So, what to expect politically in 2010?
It's a really tough one, this. Most people I talk to about what might happen in the election are pretty pessimistic about Labour's chances (or optimistic about the Tories, depending on your point of view.) I'm inclined to be optimistic, but with limits. Securing any kind of overall majority for Labour is going to be difficult even if they can reach 35% of the vote (probably the absolute upper boundary for how well they can do - i.e. replicating the 2005 results) and more realistically they are looking at something between 30 and 35%, which might just deliver a hung parliament - probably with the Tories as the largest party, on 38-40% of the vote. The Lib Dems look like they are gonna get squeezed compared with 2005.
Boundary changes make it harder to predict how all this will translate into seats and we could well find that the Tories secure a majority by doing well in the marginals while Labour runs up higher majorities in safe seats. I'm actually quite comfortable with this: whatever your political persuasion, it's hard to argue that a political system where a party with less votes can secure more seats is anything other than insane. And if the Tories were (say) 5 percent down but Labour secured an overall majority I think they'd be justified in taking to the streets to overturn the result by force. And although I don't agree with their policies I'd probably join them. It won't happen of course, because they're as committed as anyone to keeping a fundamentally ludicrous electoral system - they just want to rejig it so it's less biased against them. Which kind of misses the point completely.
My election prediction, I think, is for a hung parliament with Tories as the largest party but short of an overall majority - but not by much. We will probably then see either a coalition with one or more of the Northern Ireland unionist parties (if they are only a few seats short) or with the Lib Dems (or at least some of them, because a Lib Dem - Tory coalition might well split the Lib Dem party. For complex reasons that I'll go into in detail in a post in the new year). Events will then proceed much along the lines of a majority Tory govt - mainly because Nick Clegg is a Tory in Lib Dem clothing anyway, and won't want to change that much about what Cameron is doing. Also Clegg appears to care little about the voting system - he spends very little time talking about it compared with his predecessors, and I get the feeling the guy doesn't even really understand what the Liberal party should be about. Useless rubbish (I mean him, not the Lib Dem party).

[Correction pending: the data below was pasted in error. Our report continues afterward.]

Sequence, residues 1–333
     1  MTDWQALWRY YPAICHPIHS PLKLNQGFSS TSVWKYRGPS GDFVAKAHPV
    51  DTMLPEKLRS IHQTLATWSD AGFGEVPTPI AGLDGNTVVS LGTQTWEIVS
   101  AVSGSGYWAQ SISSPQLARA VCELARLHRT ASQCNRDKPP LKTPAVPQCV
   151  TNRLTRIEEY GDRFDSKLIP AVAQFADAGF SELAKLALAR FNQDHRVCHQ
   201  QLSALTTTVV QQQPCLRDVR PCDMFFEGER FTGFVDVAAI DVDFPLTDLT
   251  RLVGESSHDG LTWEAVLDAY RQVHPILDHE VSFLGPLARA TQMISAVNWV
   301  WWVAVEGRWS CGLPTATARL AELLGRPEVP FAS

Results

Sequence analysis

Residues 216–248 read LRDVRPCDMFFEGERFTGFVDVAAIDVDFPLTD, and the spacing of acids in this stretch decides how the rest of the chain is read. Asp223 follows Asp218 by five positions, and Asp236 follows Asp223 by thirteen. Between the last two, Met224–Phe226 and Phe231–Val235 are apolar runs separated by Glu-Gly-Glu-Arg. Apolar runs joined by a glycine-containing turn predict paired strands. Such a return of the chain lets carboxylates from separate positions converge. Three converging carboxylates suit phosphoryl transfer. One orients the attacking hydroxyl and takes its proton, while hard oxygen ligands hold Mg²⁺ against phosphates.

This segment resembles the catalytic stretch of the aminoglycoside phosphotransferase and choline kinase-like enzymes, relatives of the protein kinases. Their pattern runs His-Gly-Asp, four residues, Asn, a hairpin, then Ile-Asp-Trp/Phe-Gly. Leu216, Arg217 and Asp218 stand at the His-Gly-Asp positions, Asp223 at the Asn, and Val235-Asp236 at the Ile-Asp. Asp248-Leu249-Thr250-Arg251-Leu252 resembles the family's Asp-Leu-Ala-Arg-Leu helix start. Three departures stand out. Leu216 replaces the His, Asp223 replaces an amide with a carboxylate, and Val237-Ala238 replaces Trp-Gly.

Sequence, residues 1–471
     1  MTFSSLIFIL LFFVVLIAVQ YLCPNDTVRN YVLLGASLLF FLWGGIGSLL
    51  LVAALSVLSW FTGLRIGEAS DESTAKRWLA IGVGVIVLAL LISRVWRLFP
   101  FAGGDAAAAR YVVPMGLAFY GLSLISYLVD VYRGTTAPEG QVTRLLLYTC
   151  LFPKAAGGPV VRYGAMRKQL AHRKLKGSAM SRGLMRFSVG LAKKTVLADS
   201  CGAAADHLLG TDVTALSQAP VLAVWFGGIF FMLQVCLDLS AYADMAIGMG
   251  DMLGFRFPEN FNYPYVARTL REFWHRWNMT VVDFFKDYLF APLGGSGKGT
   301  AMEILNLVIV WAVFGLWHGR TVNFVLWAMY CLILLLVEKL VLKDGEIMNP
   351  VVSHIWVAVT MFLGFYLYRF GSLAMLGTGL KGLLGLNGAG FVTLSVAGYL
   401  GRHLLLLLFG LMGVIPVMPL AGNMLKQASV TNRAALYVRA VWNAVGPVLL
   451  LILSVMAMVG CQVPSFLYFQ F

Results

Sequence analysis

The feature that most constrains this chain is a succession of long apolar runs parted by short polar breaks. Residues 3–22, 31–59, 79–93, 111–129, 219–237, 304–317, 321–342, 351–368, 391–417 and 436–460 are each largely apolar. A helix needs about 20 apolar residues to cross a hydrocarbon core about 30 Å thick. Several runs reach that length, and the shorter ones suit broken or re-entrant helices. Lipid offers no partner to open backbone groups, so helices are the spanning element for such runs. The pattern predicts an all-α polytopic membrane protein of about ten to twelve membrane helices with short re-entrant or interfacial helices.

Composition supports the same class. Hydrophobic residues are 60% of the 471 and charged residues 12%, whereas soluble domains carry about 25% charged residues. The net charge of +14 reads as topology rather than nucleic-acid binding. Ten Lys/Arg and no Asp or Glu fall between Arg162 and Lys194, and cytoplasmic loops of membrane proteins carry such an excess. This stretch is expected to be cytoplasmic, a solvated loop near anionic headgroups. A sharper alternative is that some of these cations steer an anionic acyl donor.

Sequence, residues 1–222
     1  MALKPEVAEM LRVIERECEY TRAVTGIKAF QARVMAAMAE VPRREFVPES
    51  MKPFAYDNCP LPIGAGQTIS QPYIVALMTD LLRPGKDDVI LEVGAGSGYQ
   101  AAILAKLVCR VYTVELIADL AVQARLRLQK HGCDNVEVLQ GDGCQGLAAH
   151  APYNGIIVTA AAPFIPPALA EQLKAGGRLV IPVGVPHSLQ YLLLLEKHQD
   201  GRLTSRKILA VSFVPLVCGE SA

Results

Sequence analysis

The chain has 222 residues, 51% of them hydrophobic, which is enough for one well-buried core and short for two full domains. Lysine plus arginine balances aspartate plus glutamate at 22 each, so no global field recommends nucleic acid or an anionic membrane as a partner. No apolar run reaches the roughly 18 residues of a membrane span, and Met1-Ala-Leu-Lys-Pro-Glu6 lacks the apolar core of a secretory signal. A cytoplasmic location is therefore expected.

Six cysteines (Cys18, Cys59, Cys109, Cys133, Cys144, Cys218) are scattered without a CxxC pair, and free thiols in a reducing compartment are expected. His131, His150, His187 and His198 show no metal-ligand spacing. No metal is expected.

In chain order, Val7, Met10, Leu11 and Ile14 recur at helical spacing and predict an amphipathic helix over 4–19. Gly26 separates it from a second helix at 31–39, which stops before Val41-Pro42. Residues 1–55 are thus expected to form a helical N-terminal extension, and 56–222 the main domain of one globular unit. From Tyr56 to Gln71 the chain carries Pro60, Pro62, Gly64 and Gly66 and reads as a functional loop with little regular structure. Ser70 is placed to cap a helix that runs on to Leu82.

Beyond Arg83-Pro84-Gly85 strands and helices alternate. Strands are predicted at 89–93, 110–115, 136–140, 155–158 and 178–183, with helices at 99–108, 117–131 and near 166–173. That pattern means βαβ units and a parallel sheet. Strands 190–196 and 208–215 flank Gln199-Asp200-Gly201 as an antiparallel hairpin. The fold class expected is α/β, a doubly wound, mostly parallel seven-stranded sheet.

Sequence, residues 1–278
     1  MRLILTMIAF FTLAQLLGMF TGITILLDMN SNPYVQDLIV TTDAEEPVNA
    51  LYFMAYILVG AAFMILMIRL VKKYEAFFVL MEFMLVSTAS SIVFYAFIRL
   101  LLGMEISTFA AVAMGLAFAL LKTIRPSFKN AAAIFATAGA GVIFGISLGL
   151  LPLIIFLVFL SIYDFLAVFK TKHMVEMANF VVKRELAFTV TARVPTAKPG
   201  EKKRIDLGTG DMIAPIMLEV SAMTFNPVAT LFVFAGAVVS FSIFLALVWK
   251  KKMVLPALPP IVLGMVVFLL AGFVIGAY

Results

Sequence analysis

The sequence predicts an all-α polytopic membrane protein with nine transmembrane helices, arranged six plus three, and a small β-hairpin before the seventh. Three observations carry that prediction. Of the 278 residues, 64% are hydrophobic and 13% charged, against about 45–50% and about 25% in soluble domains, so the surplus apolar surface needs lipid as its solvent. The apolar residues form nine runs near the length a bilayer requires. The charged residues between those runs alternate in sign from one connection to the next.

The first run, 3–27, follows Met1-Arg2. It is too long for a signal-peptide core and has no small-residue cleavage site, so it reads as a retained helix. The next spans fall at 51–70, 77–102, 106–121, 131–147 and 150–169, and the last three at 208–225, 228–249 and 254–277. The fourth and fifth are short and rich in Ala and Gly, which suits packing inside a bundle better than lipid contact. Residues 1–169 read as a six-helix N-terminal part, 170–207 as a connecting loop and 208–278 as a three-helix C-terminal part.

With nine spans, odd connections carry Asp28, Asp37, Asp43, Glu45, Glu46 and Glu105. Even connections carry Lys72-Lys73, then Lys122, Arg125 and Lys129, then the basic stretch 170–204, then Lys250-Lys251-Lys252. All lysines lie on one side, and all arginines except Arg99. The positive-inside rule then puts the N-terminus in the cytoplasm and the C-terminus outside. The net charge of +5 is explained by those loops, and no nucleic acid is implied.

So the key message here is to prepare for the economic destruction of Britain at the hands of a vicious Tory government in modernist clothing. These guys are gonna destroy public services (except probably for the NHS which is being saved for later); local government services will be decimated, education is effectively going to be privatised, and the BBC will be emasculated, with the end of restrictions on biased TV news reporting leading to the establishment of Fox News in the UK. Meanwhile, huge public spending cuts will plunge us even deeper into recession. All very dangerous and hopefully leading to a landslide defeat for the Tory government in 2014/15.
But that depends so much on what happens in the Labour party. Right now, Labour could go one of three ways after the election. It could stick with the New Labour free-market mantra of the golden era of Blair-Brown - probably with David Miliband as leader - and get completely blown away. It could elect a complete duffer as a 'comfort leader' - Harriet Harman for instance - and get completely blown away. Or it could choose a radical visionary - someone like Jon Cruddas or Ed Miliband - and be in a very strong position to take advantage of the coming Tory meltdown (if the Tories are indeed as bad as I fear). In the end, whether Labour has the balls (not the Ed Balls, emphatically not him) to repair itself after the election to be a force for the future is going to be THE key question of 2010 politics.
I want to say much more - particularly on climate change and the post-Copenhagen problems we face - but this has already been very long so have a good new year and I will be back at the weekend.